Saudi: People misunderstood my album's name, I don't glorify drugs

02 March 2018 - 10:00
By Chrizelda Kekana
Rapper Saudi says he's just confronting a topic people would rather ignore with his music.
Image: Via instagram/Saudi Rapper Saudi says he's just confronting a topic people would rather ignore with his music.

Rapper Saudi has come out to clarify that despite the title of his album, he isn't glorying drug abuse instead he's shining the light on the effect it has on kids growing up in Soweto. 

Speaking to TshisaLIVE fresh-off his first Billboard entry for his Black Panther soundtrack, the rapper said that he was aware of the commentary surrounding his album's name and that he was in no way condoning the use of drugs.

"I named my album that because my generation is the one generation that has had to grow up in a drug infested era. We are the ones that have been most affected and infected by drugs, experiencing everything first hand. But nobody ever talks about it. We are instead labeled but nobody addresses the fact that there are many other factors involved."

The rapper, who prides himself in being part of the African Trap Movement (ATM), said as a rapper he won't deny that their lifestyles paint a different picture, but said people should not take his album's name at face value.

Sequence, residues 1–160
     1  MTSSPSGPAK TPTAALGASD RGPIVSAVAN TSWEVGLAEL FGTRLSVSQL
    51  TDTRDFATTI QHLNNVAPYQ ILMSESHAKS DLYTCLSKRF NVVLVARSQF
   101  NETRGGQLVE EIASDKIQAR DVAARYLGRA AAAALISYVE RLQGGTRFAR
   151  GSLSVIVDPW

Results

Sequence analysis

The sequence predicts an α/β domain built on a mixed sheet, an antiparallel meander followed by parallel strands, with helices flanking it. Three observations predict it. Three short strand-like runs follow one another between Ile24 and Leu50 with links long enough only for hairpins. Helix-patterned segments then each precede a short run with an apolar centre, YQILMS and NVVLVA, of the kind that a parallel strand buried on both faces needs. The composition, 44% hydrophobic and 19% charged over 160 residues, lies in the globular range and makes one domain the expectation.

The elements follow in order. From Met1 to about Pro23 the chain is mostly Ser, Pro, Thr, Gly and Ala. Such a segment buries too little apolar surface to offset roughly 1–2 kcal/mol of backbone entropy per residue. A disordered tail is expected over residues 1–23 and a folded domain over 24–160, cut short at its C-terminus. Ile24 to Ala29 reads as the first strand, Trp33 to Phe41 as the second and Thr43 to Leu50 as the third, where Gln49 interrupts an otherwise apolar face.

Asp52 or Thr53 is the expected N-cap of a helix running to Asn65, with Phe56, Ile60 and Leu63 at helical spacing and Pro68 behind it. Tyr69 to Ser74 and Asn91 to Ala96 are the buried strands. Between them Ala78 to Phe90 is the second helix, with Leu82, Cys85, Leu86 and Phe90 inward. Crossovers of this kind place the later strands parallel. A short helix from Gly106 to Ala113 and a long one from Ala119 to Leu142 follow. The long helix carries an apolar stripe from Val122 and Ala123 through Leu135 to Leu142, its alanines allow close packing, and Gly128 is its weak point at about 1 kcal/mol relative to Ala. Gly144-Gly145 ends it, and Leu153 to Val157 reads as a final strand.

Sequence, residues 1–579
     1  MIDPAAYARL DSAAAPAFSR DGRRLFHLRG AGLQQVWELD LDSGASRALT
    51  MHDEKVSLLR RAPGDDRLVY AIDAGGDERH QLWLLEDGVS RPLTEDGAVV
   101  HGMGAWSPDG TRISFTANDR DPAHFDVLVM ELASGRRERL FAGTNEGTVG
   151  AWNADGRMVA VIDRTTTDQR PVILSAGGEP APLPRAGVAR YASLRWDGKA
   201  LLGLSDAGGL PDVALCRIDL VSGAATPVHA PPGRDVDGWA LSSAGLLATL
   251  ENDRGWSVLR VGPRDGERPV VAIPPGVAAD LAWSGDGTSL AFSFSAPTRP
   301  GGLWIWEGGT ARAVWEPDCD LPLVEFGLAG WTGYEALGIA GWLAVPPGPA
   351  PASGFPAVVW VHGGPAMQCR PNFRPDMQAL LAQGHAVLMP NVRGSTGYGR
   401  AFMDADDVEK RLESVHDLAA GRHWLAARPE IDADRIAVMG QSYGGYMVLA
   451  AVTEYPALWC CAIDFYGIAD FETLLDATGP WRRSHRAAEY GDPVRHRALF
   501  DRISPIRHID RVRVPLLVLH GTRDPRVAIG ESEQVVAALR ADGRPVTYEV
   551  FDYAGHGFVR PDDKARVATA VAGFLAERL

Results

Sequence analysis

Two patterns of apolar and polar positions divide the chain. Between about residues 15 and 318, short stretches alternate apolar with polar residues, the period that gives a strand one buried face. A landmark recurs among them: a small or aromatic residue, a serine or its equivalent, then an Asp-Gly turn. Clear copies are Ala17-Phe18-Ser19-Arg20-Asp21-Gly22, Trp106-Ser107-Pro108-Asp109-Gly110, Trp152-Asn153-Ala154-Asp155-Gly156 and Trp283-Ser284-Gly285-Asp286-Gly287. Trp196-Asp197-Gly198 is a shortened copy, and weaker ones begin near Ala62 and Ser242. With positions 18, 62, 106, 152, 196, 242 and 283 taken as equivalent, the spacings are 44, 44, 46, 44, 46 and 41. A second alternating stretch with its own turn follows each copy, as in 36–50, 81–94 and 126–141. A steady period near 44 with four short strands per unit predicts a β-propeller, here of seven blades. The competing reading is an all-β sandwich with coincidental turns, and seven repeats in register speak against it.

Saudi said his album's name was actually an acronym with a deeper meaning to it.

"DRUGS INC is an acronym for Devils Revenge Upon God's Servant Is Not Crime – its Soweto, which sums up my upbringing and life experiences. I wouldn't totally be honest in my music if I didn't mention drugs, so they do feature. But people misunderstood my album's name; I don't glorify drugs at all."

Saudi said there was a point in his life when he resorted to doing things that were "not right" until music saved his life. He said at the time he had to do everything in his power to help put food on the table.

The rapper also explained that if a person understood where he was coming from then they would understand his life story and music better.

"The album tries to explain why it is easier for most of us (young people) to glorify drugs. Most of our realities have been hard and harsh, in that context anything that offers an escape route will end up being glorified."

Saudi also recently featured on Beats 1 radio on Apple Music in an interview on Zane Lowe’s show which premiered on February 26 but will be repeated for the next two weeks.

There, Saudi, Sjava and fellow artist featured on the Marvel film soundtrack, spoke about their contribution to Black Panther: The Album.